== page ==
This is “Development of the English Language”, section 1.1 from the book British Literature Through History (v. 0.1). For details on it (including licensing), click here.

For more information on the source of this book, or why it is available for free, please see the project's home page. You can browse or download additional books there. To download a .zip file containing this book to use offline, simply click here.

Has this book helped you? Consider passing it on:
Creative Commons supports free culture from music to education. Their licenses helped make this book available to you. helps people like you help teachers fund their classroom projects, from art supplies to books to calculators.

1.1 Development of the English Language

PLEASE NOTE: This book is currently in draft form; material is not final.

Learning Objectives

  1. Recognize the key influences on the development of the English language.
  2. Understand the broad timeline of the development of the English language.

Norman Invasion portrayed in the Bayeux Tapestry.

The English language and English literature began with the recorded history of Britain.

The early history of England includes five invasions which contributed to the development of the English language and influenced the literature:

  • the Roman invasion
  • the Anglo-Saxon invasions
  • the Christian “invasion”
  • the Viking invasions
  • the Norman French invasion

The Roman Invasion

At the time of the earliest written records, the British islands were inhabited by Celtic people known as the Britons. (See Map 1.) Although the Roman Empire made initial contacts with the Celtic people in Britain around 55 B.C., the Roman invasion of Britain began around A.D. 43. The Celtic people resisted but were unable to fend off the invading Roman troops. One of the principal figures fighting the Romans was the Celtic queen Boudicca. Unlike their Roman counterparts, Celtic societies allotted women rights often equal to those of men. When her husband, an ally of the Romans, died, the Romans took over the land of her tribe, the Iceni, flogging Boudicca and raping her daughters. Boudicca led her people in revolt and for some time managed to hold back the mighty Roman legions.

Roman lighthouse at Dover.

Long familiar with Britain as a source of tin, the Romans conquered Britain around A.D. 44 and set up fortresses, light houses on the coast, and a defensive wall across the entire Northern border of England named Hadrian’s Wall for the Roman emperor Hadrian. As they did in many parts of the world, the Romans built villas with beautiful mosaics, a series of roads which were used for centuries, and great Roman baths, such as those at Aquae Sulis, now known as Bath, England. View a video mini-lecture that explains the Roman invasion.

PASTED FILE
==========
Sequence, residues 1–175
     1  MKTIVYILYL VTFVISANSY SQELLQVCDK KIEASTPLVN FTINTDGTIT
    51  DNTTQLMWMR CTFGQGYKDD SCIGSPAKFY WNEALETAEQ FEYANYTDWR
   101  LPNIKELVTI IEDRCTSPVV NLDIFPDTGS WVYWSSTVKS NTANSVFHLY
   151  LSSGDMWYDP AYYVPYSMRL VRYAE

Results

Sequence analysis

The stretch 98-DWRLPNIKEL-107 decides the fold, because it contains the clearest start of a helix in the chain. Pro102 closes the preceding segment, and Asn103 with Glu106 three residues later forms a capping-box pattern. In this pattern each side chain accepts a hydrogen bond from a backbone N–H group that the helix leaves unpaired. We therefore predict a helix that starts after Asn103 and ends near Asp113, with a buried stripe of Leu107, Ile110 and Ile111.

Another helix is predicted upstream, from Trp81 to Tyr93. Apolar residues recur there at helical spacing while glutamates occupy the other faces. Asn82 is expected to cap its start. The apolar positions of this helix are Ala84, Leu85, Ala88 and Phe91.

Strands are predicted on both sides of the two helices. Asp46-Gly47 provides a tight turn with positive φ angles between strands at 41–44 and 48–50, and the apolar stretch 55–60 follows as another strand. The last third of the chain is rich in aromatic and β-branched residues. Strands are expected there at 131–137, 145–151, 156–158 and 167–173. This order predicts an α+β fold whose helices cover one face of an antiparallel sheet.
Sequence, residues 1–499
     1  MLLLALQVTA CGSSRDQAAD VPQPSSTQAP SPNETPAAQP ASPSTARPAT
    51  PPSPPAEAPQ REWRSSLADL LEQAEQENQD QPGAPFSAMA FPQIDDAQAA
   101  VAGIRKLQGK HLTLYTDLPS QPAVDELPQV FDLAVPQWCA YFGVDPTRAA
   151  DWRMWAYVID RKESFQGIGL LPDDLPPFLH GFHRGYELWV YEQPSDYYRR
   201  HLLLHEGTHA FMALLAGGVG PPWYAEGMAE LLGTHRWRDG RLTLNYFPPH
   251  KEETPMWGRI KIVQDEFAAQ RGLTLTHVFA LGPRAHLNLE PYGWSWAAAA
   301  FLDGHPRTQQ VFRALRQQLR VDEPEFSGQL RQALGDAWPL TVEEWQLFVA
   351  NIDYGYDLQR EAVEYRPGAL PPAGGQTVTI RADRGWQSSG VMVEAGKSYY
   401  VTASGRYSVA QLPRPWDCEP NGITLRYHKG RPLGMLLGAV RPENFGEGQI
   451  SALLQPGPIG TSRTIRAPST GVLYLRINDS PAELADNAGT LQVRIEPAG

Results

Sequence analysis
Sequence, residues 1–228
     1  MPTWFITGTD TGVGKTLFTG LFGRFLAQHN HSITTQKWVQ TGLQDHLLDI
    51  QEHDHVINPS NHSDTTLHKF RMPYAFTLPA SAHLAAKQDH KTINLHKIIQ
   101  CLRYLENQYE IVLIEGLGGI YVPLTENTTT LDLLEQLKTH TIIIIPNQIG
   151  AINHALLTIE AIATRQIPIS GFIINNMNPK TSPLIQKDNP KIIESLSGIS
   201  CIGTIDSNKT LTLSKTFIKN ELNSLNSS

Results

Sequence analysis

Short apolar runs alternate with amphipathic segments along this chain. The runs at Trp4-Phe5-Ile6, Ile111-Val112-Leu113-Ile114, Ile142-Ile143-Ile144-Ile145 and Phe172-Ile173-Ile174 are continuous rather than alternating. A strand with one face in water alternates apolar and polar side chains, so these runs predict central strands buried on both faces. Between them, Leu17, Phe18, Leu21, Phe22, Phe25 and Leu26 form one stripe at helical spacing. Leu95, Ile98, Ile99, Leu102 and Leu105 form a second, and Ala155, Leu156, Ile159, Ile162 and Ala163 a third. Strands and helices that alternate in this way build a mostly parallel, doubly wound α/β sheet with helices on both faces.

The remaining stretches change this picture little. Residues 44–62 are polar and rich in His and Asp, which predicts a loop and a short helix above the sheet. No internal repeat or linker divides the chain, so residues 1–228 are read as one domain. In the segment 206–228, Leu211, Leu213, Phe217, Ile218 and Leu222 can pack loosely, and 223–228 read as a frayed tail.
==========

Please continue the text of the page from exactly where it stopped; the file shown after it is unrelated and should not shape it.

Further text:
Roman bath overflow at Bath, England.

How did the Roman invasion affect the development of the English language? While there is no direct linguistic connection, the Roman occupation of Britain and their subsequent abandonment of the country set the stage for the most important invasion, the Anglo-Saxon invasion which provided the foundation of the English language.

The Anglo-Saxon Invasions

At the fall of the Roman Empire (ca. 420), the Roman troops were called back to the continent, and Britain was left undefended. This period of time produced the figure that was transformed in legend into King Arthur. The man who formed the basis of the Arthurian legend was probably a descendent of Celtic and Roman people who led his followers in resisting the Anglo-Saxons. This resistance occurred long before the days of knights in armor mounted on horseback, the picture of King Arthur found in most stories.

Anglo-Saxon ornament in the British Museum.

The Anglo-Saxons were Germanic tribes who began raiding the coastal areas of Britain around 450. (See Map 2.) For over 100 years, the Anglo-Saxons continued to raid and gradually to settle in Britain, pushing the Celtic people into the remote parts of Britain—into what are today the countries of Wales, Scotland, and Ireland. (See Map 3 and Map 4.) With them, they took their Celtic language which formed the basis of the Gaelic languages of Scotland, Wales, and Ireland. (See Map 5.) Few Celtic words remain in today’s English; those few are primarily place names such as avon for river (as in the English town Stratford-upon-Avon) and words associated with the countries to which the Celts dispersed such as glen (valley), loch (lake), and cairn (pile of stones) from Scotland.

The Anglo-Saxon Germanic Language Is the Foundation of the English Language